Friday, October 16, 2020

The rich get richer, the poor get poorer


“Extreme poverty” is defined as living on less than $1.90 a day. So somebody who has 5 cents more income - $1.95 a day - is no longer living in extreme poverty. Such is the poverty of statistics and its distance from actual reality. 

 phenomenal rise in extreme poverty has been accompanied by an upsurge in the incomes of the world’s billionaires and the super-rich. The paradox of poverty amidst plenty is being blamed largely on the coronavirus pandemic which has driven millions, mostly in the developing world, into a state of perpetual poverty.

The rich are getting richer and the poor poorer.

The world’s total population is around 7.8 billion, and according to the UN, more than 736 million people live below the international poverty line. A World Bank report last week said extreme poverty is set to rise this year, for the first time in more than two decades, while the impact of the spreading virus is expected to push up to 115 million more people into poverty. The pandemic, which is also compounding the forces of conflict and climate change, has already been slowing poverty reduction, the World Bank said. By 2021, as many as 150 million more people could be living in extreme poverty.

In contrast, the wealth of the world’s billionaires reached a new record high in the middle of the pandemic, primarily as “a rebound in tech stocks boosting the fortunes of the global elite”, according to a report released last week by UBS Global Wealth Management and PwC Switzerland. Providing a sheaf of statistics, the report said total wealth held by billionaires reached $10.2 trillion last July, described as “a new high”, compared with $8.9 trillion in 2017. The number of billionaires worldwide has been estimated at 2,189, up from 2,158 in 2017. The rising earnings were mostly from three sectors, including tech, health care and industry—a trend accelerated by the pandemic.  billionaires have seen their fortunes hit record highs during the pandemic, with top executives from technology and industry earning the most. The world’s richest saw their wealth climb 27.5% to $10.2tn (£7.9tn) from April to July this year, according to a report from Swiss bank UBS.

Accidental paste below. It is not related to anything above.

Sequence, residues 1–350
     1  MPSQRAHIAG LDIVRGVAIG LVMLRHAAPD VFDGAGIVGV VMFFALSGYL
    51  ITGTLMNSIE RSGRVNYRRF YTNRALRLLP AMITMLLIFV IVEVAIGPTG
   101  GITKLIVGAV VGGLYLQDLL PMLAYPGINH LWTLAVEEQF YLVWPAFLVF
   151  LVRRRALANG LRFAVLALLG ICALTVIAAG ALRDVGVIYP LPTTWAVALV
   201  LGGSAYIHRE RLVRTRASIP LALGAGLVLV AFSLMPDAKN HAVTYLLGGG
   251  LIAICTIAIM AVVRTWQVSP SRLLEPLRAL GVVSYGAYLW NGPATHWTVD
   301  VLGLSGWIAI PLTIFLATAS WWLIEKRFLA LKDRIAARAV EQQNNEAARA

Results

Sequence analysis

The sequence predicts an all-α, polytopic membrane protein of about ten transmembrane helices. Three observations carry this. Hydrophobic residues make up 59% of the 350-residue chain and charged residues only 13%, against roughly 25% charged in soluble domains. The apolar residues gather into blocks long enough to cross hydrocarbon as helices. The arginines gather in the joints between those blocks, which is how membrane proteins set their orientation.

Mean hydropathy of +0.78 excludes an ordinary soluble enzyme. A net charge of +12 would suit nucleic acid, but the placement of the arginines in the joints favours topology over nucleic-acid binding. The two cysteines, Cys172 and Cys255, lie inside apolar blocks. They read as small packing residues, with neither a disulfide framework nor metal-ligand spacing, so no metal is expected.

Professor Kunal Sen, Director of UN University World Institute for Development Economics Research (UNU-WIDER), told IPS the pandemic is going to push millions of households into poverty, all around the developing world.

The projected rise in poverty has also undermined one of the UN’s 17 Sustainable Development Goals (SDGs) which had targeted the eradication of extreme poverty and hunger by 2030.

Ben Phillips, author of ‘How to Fight Inequality’, told IPS the concentration of wealth amongst a handful of oligarchs, and the spread of impoverishment to hundreds of millions more people, are not the disconnected coincidences that the super-rich claim, but are two sides of the same bad penny. He said COVID-19 has not created obscene inequality, but it has supercharged it. In this systemic crisis, the healing impact of philanthropy will be no greater than a novelty sticking plaster on a gaping wound.

Dereje Alemayehu, Executive Coordinator, Global Alliance for Tax Justice, told IPS inequality is rising in every country; so also, is the income of billionaires. These are causally linked.

“Multinationals and the wealthy do not pay their share of taxes, thus depriving countries the public revenue needed to address inequality.”

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